Mental Health

How The Army Trains Soldiers In 'Mental Resilience'

The service is putting increasing focus on developing the minds of troops, as well as physical training.

The British Army has for several years been trying to "train the mind" of recruits as part of mental resilience exercises.

In addition to getting soldiers ready for the physical side of the military, the service is also trying to build "mental robustness" of personnel as well.

All Arms Physical Training Instructor Corporal Luke Trim said: "We try and obviously train the physical side of being an Infanteer in Battle PT [Physical Training] so being robust, lifts, carries, drags, but we’re also trying to train the mind and their mental robustness as well.

"We can’t replicate the stress you get on the battlefield, however, we can do little things like we give them timings that are probably not that achievable, shouting and screaming, making them physically exhausted and getting them to do menial tasks," he added.

"We don’t tell them what’s going to happen within the session, so we always keep them guessing."

The mental resilience training, as with all training, is under constant review.

Training outdoors is combined with theory classes which explain how the human mind works and the different ways to cope with certain stresses.

"Back in the day it was just training you physically more so, obviously there was a bit of mental resilience training but within a PT lesson – it wasn’t a formal sit down," says Cpl Trim.

Warrant Officer Class 2 Austin Lindsay is the lead mental resilience training coach for the British Army and has been involved since the training was first introduced back in 2013 at Catterick's Infantry Training Centre.

The training involves tough time limits, shouting and screaming, and physical exhaustion.

It is now given throughout a soldier's career, although the training has changed slightly since it was first conceived.

Whereas it used to focus on an individual's resilience, it now considers the team element and what impact this has on the resilience of each soldier in the group.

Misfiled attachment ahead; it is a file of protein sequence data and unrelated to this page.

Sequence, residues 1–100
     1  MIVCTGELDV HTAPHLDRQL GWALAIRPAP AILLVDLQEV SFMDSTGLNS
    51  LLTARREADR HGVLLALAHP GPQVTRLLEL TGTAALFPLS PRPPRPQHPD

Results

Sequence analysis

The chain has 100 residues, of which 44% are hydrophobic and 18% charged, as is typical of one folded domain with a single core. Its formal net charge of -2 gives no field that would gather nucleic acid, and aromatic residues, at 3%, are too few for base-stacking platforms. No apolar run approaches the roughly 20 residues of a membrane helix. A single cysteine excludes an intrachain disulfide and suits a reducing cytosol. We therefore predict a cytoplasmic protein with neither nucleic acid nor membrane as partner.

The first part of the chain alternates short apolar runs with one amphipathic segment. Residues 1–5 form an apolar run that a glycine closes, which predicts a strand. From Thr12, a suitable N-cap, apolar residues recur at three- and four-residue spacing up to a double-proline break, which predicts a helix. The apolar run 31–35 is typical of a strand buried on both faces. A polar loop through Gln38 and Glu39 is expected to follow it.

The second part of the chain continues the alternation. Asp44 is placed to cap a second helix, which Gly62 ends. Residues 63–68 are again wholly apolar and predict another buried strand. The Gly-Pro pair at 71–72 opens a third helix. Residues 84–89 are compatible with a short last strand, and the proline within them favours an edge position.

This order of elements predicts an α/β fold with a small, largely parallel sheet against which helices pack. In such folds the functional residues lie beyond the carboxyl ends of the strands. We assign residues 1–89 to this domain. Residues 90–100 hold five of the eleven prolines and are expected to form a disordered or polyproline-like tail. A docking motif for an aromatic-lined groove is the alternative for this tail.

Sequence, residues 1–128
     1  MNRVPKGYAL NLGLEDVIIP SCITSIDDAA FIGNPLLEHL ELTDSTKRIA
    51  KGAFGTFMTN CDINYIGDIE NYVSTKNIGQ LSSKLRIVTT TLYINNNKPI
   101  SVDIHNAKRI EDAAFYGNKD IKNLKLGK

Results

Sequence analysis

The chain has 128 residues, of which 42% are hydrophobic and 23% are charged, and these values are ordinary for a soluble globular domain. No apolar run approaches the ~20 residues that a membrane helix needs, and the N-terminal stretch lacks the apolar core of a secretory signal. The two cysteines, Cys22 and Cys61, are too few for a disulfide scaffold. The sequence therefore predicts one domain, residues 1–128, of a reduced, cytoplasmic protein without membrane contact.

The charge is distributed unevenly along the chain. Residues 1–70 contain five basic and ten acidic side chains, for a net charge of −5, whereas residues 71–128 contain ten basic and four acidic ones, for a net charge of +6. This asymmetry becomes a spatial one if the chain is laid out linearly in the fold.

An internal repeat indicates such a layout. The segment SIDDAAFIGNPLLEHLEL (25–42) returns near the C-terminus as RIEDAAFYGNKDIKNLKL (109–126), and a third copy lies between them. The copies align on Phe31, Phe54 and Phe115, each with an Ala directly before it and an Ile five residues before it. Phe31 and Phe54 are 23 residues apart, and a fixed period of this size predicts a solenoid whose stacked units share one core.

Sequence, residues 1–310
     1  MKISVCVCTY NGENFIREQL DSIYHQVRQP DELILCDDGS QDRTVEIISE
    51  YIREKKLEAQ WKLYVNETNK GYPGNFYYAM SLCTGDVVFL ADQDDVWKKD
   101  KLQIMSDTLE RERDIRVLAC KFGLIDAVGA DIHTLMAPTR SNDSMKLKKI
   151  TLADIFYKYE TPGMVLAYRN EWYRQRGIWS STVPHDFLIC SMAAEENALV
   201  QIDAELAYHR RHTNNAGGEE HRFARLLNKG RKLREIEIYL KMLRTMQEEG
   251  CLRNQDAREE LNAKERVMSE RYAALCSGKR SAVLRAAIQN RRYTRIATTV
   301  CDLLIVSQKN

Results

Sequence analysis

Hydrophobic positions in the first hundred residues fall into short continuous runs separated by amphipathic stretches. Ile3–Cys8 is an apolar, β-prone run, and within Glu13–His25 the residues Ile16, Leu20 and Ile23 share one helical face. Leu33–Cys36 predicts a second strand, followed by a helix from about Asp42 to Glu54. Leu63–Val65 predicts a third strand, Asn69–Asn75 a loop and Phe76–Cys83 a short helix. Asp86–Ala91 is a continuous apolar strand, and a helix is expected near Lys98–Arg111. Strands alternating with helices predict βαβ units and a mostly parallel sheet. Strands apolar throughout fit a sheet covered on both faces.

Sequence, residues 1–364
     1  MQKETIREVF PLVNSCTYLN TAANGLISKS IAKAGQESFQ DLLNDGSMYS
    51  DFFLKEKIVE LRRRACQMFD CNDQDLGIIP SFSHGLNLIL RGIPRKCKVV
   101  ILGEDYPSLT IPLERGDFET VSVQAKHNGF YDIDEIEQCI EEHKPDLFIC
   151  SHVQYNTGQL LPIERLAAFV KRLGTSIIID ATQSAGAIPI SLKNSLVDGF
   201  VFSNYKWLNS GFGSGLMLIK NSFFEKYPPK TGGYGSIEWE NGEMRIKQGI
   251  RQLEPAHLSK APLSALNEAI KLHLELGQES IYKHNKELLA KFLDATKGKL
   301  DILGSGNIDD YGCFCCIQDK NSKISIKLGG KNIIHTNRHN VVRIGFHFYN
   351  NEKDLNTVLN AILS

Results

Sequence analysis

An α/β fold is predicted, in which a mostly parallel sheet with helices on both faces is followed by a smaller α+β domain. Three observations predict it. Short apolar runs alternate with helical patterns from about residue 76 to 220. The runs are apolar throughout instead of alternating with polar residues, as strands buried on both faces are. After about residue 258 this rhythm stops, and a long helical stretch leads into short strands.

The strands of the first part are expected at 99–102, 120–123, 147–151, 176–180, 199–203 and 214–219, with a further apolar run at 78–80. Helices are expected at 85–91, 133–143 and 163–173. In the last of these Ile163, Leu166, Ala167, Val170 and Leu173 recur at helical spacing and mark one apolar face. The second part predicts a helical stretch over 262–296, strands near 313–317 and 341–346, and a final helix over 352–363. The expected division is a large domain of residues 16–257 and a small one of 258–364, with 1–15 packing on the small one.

Much of the process involves mental rehearsal - soldiers raiding a building, for example, will go over the procedure in their minds prior to entering.

How does the training compare to other countries’ militaries?

"Different armies across the world are maybe a little bit more advanced but maybe not so in different ways," said WO Lindsay.

"For example, the Australian army has a full corps of clinical psychologists – but what they don’t have is the resilience piece to go with that.

"We have advanced forward on the resilience piece and proved that this works – this training improves performance.

"I would say we are pretty much up there. We learn, we take from them, they take from us – so we share a lot of information."

Nowadays, mentally stressful training is being combined with theory classes.

Cpl Trim is also a firm believer in the mental resilience training on offer: "I’ve seen from like day one, week one recruits they had the mental robustness of… a wet paper towel, but at the end they are infanteers and they’ll go to battalion and they’ll do the job that is required," he said.

"They built that mental robustness over time in their six months here."

"I think we are definitely moving forward," WO Lindsay added.

"We’ve created OP Smart – the optimising performance through stress management and resilience training.

"We’ve got the mental resilience training under that and we’ve got the Army mental health awareness training and that’s been rolled out throughout the whole of the Army.

"So we’ve got teams out there delivering all this information, this training, these skills in order to improve everybody’s mental health, mental fitness.

"I don’t believe there’s probably too much more that we could do because we’re actually, we’re fully focused.

"I think we’re in a really good place."